Friday, July 28, 2017

India - I.N.D.I.A . . !

When I share Indian Army pictures, pick up conversation with my army men as the starters, show my support to my Men In Olive-green, I am always asked “Is there anyone from your family who was in army?” Yes, few decades ago, between 1941 – 1961, my paternal grandfather, Late Mr. K.S. Eswariyer, served as Havildar with the Indian Army. He had also shared his experience during the Burma War, his interactions with Netaji Subash Chandra Bose, his serving time at Dehradun and West Bengal and many more. Though, I had interacted with him, very -  very fleetingly during childhood, he had left an imprint of a Pride Army Man. His wife, my granny – Pappupaatti, used to share her terrific experiences in the northern parts of the country, with less or no Hindi knowledge, how she started her family, how granddad served for the nation. With them, the era of patriotism through serving in the army, dimmed out in the family. However, when I grew up, I made up my mind to join the Armed Forces of India, which eventually became an unfulfilled dream owing to my physical fitness.
A) Havildar K.S.Eswaraiyer b) His discharge certificate
c) & d) His Medal of honor
But, thanks to the social networking sites, Indian Army is my family, now. My family is big. I have many brothers who chose to do the supreme sacrifice for the nation. I am called as ‘Mausi’, I have got many sisters and I am loved as their daughter by many brave parents who proudly sent their sons to the war front and received him, wrapped in the Tri – Color flag. Yes, my family is a big one. We are not connected by blood. But by Tiranga Janda - the Tricolor flag. We are not connected by genes. But by the men in olive. I have not met my family. My family has not met me. We might not be of the same lingual clan but we are a team of Indian Folks. If love exists, without meeting, then we are the examples. We are, still, bonded by valour, sealed with bravery and love each other Unconditionally.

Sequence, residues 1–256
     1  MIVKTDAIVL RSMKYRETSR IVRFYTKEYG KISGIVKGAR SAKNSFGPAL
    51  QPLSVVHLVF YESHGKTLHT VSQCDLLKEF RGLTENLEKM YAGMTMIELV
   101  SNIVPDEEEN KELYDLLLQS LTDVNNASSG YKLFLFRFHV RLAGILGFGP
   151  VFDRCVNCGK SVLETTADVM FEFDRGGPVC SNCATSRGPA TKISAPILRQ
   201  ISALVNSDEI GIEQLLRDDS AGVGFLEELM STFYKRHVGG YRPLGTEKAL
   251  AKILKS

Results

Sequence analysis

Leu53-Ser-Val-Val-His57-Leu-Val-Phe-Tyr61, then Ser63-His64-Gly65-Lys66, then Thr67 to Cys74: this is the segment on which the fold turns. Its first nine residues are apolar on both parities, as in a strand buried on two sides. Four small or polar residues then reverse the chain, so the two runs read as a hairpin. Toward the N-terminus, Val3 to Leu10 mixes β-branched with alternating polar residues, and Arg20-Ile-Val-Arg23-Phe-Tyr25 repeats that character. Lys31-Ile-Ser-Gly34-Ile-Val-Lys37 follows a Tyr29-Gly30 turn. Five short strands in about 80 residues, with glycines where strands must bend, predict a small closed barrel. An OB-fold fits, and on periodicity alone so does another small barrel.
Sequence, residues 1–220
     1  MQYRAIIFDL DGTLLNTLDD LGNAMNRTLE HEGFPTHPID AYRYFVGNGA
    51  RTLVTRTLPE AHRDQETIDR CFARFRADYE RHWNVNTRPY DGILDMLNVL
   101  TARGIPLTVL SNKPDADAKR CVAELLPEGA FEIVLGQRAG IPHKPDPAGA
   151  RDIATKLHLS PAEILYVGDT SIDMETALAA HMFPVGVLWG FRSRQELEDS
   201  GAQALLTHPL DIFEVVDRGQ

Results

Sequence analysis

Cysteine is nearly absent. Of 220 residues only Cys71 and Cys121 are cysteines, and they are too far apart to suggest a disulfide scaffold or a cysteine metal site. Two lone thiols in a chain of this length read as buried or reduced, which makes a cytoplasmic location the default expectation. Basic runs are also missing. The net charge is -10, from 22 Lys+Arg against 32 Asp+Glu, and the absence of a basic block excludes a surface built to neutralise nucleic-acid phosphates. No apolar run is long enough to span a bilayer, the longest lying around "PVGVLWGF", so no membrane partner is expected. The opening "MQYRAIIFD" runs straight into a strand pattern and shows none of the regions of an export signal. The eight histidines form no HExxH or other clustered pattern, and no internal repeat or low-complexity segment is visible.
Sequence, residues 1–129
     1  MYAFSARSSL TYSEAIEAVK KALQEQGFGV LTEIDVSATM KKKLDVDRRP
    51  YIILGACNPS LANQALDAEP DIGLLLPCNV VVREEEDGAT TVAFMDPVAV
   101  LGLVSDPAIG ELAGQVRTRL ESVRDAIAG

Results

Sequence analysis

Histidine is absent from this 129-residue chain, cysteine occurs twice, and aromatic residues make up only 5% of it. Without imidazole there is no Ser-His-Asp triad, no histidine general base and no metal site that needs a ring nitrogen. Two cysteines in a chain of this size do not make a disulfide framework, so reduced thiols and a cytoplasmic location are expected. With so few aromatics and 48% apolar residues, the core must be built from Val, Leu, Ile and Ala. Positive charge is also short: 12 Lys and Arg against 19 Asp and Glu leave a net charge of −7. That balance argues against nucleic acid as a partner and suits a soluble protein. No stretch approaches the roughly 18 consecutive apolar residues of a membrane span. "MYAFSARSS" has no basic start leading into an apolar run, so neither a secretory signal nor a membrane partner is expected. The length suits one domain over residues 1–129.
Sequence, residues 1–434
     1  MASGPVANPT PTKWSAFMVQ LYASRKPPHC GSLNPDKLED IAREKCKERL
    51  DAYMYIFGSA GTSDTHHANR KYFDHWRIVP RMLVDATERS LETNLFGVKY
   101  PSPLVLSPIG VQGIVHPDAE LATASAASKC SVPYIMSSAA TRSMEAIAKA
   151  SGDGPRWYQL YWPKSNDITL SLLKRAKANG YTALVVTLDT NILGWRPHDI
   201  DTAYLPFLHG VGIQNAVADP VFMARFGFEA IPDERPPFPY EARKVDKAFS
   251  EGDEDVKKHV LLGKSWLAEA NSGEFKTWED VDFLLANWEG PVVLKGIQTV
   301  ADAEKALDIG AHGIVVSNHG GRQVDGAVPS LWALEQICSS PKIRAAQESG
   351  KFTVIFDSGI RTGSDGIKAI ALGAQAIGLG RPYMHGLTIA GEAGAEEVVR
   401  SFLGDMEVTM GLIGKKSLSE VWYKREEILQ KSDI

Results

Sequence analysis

Recently, India celebrated its Kargil Vijay Divas. And, I was sharing Team Desh’s write ups about Kargil Heroes. I also lit a lamp, joining the movement to pay homage to my brave martyrs. Lo and behold, message boxes of all my SNS is filled with a question – “You are living in USA and just showing off!” Wow, people!! I tell you, all of you deserve a round of applause! Seriously? Living outside India was not my choice, exactly. However, I have no complaints about it, too except the fact of missing my homeland, kissing my soil and taking pride! 

Non-Resident Indian Citizens would understand the pain of missing the country. It is painful not to see the Indian Flag flying high, on August 15. It is painful to see Indian flag parade with Sunny Leone background music. Despite appreciating the “tolerance” of foreign lands, it is painful to see a different treatment given for the Tiranga Jhanda. When your fellow Indians rebel for unjust things, it is painful to just watch these rebels and gatherings only on TV and not to take part. When your men in Olive Green come home, wrapped in the flag, and you can only watch him in the big screens as just a photograph, it is painful. When you can hear Jana Gana Mana and Vanthe Matharan at home, in a low volume, it is painful. All you would want to do is throw away everything and go back to Mother India and rest in her lap and kiss her soil. But, you cannot, owing to other responsibilities you have! No one, will ever understand this pain unless they live through it.